Iran rejects draft nuclear deal with US citing legal concerns, says spokesman
Ali Rabiei, spokesman for the outgoing Rouhani administration, said on Tuesday that Iran's Supreme National Security Council (SNSC) ruled that the deal was incompatible with legislation passed by parliament in December.
The legislation compelled the government to expand nuclear activities and to limit inspections by International Atomic Energy Agency (IAEA) inspectors if other nuclear deal signatories failed "to fully deliver on their commitments toward Iran".
Such commitments include normalising international banking relations and removing obstacles to oil exports.
Nuclear talks between Iran and the P5+1, which includes the US, the UK, France, Germany, Russia and China, have been ongoing in Vienna. With six rounds of talks completed, the seventh round is not expected to take place until after President-elect Ebrahim Raisi takes office next month.
For its part, the State Department has denied that any final agreement had been reached in Vienna, stressing after the sixth round of talks that "nothing is agreed until everything is agreed".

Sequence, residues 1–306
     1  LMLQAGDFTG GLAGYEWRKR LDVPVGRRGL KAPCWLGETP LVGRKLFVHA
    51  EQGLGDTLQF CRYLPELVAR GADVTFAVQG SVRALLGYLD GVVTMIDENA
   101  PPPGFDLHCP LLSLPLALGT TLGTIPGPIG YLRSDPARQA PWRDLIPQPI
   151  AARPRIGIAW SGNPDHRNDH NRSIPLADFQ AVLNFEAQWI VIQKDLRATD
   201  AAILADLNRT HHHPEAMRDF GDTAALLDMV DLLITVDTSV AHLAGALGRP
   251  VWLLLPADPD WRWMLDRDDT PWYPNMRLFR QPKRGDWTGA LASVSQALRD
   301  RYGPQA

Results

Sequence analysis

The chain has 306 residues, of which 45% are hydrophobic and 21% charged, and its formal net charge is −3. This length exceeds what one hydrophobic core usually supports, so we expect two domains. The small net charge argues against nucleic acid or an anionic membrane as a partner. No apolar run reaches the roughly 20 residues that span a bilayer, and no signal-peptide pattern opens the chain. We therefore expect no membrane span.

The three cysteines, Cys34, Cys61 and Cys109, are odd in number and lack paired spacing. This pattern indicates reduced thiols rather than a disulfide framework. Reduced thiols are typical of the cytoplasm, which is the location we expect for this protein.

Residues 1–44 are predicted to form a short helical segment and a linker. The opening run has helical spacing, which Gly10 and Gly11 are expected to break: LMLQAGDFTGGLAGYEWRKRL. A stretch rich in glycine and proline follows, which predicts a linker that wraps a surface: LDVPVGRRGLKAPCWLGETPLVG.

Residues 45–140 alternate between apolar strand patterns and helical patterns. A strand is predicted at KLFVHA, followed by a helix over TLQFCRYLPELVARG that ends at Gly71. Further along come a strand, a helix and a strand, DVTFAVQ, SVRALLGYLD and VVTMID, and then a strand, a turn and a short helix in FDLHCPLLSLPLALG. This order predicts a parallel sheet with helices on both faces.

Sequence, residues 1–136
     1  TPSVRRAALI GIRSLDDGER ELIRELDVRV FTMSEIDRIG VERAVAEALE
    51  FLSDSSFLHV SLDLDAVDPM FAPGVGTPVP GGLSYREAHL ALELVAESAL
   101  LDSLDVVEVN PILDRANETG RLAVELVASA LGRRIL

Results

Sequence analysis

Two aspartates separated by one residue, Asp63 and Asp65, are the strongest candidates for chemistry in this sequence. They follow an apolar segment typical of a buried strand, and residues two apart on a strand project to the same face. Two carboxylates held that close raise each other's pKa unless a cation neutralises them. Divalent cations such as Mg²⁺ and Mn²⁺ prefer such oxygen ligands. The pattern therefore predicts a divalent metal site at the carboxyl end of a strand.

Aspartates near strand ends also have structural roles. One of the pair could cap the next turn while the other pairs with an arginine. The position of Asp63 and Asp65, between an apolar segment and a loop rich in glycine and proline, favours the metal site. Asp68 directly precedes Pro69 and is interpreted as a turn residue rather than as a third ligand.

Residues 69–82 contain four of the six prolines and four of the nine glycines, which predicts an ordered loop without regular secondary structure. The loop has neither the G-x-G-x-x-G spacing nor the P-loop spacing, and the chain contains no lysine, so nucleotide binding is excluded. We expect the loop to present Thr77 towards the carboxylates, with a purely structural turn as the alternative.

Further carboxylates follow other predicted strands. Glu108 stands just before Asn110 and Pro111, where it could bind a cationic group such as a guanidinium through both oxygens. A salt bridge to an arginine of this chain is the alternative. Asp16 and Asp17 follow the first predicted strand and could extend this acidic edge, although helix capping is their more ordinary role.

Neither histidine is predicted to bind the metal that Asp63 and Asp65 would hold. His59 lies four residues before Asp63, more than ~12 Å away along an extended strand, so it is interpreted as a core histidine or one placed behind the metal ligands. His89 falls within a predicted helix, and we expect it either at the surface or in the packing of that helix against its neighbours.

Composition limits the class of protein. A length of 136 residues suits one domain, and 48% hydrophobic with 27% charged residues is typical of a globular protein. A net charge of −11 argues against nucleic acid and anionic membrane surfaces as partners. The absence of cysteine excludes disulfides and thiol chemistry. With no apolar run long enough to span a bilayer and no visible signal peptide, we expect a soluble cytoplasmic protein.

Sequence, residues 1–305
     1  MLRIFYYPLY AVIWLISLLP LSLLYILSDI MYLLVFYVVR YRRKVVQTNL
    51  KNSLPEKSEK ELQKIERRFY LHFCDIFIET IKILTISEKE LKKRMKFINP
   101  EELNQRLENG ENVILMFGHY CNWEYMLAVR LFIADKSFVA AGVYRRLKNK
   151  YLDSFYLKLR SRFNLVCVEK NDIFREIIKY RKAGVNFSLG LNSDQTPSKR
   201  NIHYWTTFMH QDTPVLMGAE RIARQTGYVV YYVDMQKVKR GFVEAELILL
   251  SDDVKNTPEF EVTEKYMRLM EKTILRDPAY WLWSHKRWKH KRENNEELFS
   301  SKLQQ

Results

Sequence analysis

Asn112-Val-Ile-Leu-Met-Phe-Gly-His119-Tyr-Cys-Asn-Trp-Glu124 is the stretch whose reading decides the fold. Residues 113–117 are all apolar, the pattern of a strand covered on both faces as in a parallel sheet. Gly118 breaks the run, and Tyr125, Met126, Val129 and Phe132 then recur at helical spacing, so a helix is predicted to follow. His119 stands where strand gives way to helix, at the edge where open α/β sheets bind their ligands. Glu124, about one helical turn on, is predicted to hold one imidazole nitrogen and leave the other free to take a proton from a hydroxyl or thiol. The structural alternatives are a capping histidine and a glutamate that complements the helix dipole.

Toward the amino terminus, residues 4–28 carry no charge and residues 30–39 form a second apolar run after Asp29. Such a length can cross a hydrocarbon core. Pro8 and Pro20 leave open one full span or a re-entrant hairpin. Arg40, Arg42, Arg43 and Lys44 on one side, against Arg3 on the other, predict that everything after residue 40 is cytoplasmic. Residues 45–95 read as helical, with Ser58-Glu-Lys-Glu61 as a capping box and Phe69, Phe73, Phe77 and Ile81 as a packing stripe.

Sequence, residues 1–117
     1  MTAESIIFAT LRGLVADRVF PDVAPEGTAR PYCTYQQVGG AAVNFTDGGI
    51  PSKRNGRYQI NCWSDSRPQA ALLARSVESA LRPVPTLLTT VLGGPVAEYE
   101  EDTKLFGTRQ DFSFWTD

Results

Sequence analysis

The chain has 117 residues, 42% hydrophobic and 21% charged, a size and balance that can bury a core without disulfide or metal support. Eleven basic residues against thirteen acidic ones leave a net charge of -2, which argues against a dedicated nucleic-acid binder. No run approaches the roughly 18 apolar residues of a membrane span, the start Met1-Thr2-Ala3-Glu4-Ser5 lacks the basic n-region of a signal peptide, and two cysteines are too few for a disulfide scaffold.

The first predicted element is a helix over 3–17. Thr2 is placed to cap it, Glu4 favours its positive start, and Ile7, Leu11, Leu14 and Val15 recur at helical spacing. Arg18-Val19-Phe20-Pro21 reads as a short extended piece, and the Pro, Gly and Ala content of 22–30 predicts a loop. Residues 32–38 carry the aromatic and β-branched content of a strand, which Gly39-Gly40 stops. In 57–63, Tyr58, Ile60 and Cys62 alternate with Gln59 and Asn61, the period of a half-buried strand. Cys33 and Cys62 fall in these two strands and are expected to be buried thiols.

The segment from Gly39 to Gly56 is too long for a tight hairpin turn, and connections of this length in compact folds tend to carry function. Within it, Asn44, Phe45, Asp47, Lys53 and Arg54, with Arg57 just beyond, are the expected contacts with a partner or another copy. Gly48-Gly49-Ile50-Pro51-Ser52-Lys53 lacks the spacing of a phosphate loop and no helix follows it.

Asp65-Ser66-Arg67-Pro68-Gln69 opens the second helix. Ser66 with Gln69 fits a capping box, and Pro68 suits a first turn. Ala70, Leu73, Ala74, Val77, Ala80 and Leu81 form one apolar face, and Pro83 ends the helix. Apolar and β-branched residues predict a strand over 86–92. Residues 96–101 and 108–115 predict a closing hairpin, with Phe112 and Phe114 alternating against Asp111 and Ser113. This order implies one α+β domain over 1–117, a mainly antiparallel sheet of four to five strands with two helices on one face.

Last week, President Hassan Rouhani told his cabinet that were it not for December's legislation, an agreement in Vienna that would have seen a lifting of some of the US's most stringent sanctions could have been bargained perhaps as early as March.
The Biden administration had expressed hopes that a deal could be agreed upon before Rouhani left office, as Raisi, a religious conservative aligned with Iran's Supreme Leader Ali Khamenei, is expected to drive a harder bargain.
Khamenei presides over the 20-member SNSC and holds the last word on crucial matters of security and foreign policy.
On Tuesday, Rabiei told reporters at a news conference that top governmental authorities have approved the continuation of negotiations until all requirements set by the parliament have been met.
Meanwhile, IAEA chief Rafael Mariano Grossi said on Monday that the agency has been put in an "uncomfortable position" regarding the stalled Vienna talks.
"We still have a number of questions, issues that we are trying to clarify with Iran, and we will have to wait and start anew with the new team when they are in office," Grossi told AFP in an interview.
Analysts say it could take months for negotiations to kickstart following the new administration's swearing-in.